Smart homes are just an app away – meet Gabe II, a Edison-powered smart home automation device dreamed up by a cross-functional team of makers from Intel Malaysia. By outfitting a mock home with IoT sensors that drip-feed information back to the cloud, this team showed how virtually every device in the house – lights, A/C, kitchen gadgets – could be turned on or off from a cellphone or tablet. Their booth drew big crowds, with some even asking if they could buy the device (sorry to disappoint: it’s prototype-only, for now).

Smart homes are just an app away – meet Gabe II, a Edison-powered smart home automation device dreamed up by a cross-functional team of makers from Intel Malaysia. By outfitting a mock home with IoT sensors that drip-feed information back to the cloud, this team showed how virtually every device in the house – lights, A/C, kitchen gadgets – could be turned on or off from a cellphone or tablet. Their booth drew big crowds, with some even asking if they could buy the device (sorry to disappoint: it’s prototype-only, for now).

Spiders may give you creepy crawlies, but judging from the huge crowds that inched in to view the Intel Hexapod “robot spiders,” probably not this one. Complete with six 3D-printed legs—first shown off at CES earlier this year—the hexapods dance in unison and respond to hand gestures. Here, Anuj Dua, who leads Intel’s marketing efforts in Asia Pacific and Japan, shows his two sons what the spiders are capable of doing. Dua is a budding Maker himself—at a press event held earlier, he shared how he built a simple hovercraft for his youngest son, cobbled together by nothing more than plastic sheets, duct tape, and a power tool.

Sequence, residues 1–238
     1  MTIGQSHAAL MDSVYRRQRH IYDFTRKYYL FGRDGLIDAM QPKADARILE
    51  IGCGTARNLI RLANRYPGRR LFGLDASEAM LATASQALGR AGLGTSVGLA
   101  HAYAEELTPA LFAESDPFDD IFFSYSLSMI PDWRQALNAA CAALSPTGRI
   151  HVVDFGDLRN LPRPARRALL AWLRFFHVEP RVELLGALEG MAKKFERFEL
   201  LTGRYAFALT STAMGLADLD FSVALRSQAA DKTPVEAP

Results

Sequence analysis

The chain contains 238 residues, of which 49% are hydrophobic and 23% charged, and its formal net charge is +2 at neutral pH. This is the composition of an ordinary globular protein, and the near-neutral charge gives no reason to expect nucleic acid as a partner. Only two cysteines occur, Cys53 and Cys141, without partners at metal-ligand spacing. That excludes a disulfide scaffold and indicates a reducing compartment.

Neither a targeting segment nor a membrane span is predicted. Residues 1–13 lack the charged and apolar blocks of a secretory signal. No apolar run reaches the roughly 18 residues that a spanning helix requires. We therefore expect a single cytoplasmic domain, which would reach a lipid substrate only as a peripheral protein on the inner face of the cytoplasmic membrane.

Spiders may give you creepy crawlies, but judging from the huge crowds that inched in to view the Intel Hexapod “robot spiders,” probably not this one. Complete with six 3D-printed legs—first shown off at CES earlier this year—the hexapods dance in unison and respond to hand gestures. Here, Anuj Dua, who leads Intel’s marketing efforts in Asia Pacific and Japan, shows his two sons what the spiders are capable of doing. Dua is a budding Maker himself—at a press event held earlier, he shared how he built a simple hovercraft for his youngest son, cobbled together by nothing more than plastic sheets, duct tape, and a power tool.

If you love cool robots, you’ve got to meet Dr. Mike McCool. A principal engineer from Intel Japan and former university professor, McCool joined Intel six years ago when Intel acquired his software venture RapidMind. His latest creation—the three-wheeled OmniRover—requires no soldering, just assembly through plain old nuts, bolts, and glue. It drives itself through laser range-finders and positional sensors, scurrying around a table to the delight of kids cramming in to watch. Why robots? Why not? McCool hopes his creation will inspire Japanese school kids to pick up programming. His next project: building a tougher, grittier OmniRover to compete in Japan’s famed robot tournaments.

If you love cool robots, you’ve got to meet Dr. Mike McCool. A principal engineer from Intel Japan and former university professor, McCool joined Intel six years ago when Intel acquired his software venture RapidMind. His latest creation—the three-wheeled OmniRover—requires no soldering, just assembly through plain old nuts, bolts, and glue. It drives itself through laser range-finders and positional sensors, scurrying around a table to the delight of kids cramming in to watch. Why robots? Why not? McCool hopes his creation will inspire Japanese school kids to pick up programming. His next project: building a tougher, grittier OmniRover to compete in Japan’s famed robot tournaments.

“I love my plants, but I hate watering them,” laughs Casey Kwan, gesturing to a spread of basil, thyme, and rosemary potted herbs laid out on a wooden shelf. The hardware engineer from Intel Singapore turned to technology, and created Soylent Green, a contraption that sips bottled water and spritzes plants on a preset schedule, all wirelessly managed via his cellphone. It took Kwan just 1 hour to write the device’s code. What’s next for this green-fingered engineer? “I want scale up, and have more sensors to monitor more plants,” he said. “Perhaps I’ll even hook up a webcam, so I can check in on them when I’m not around!”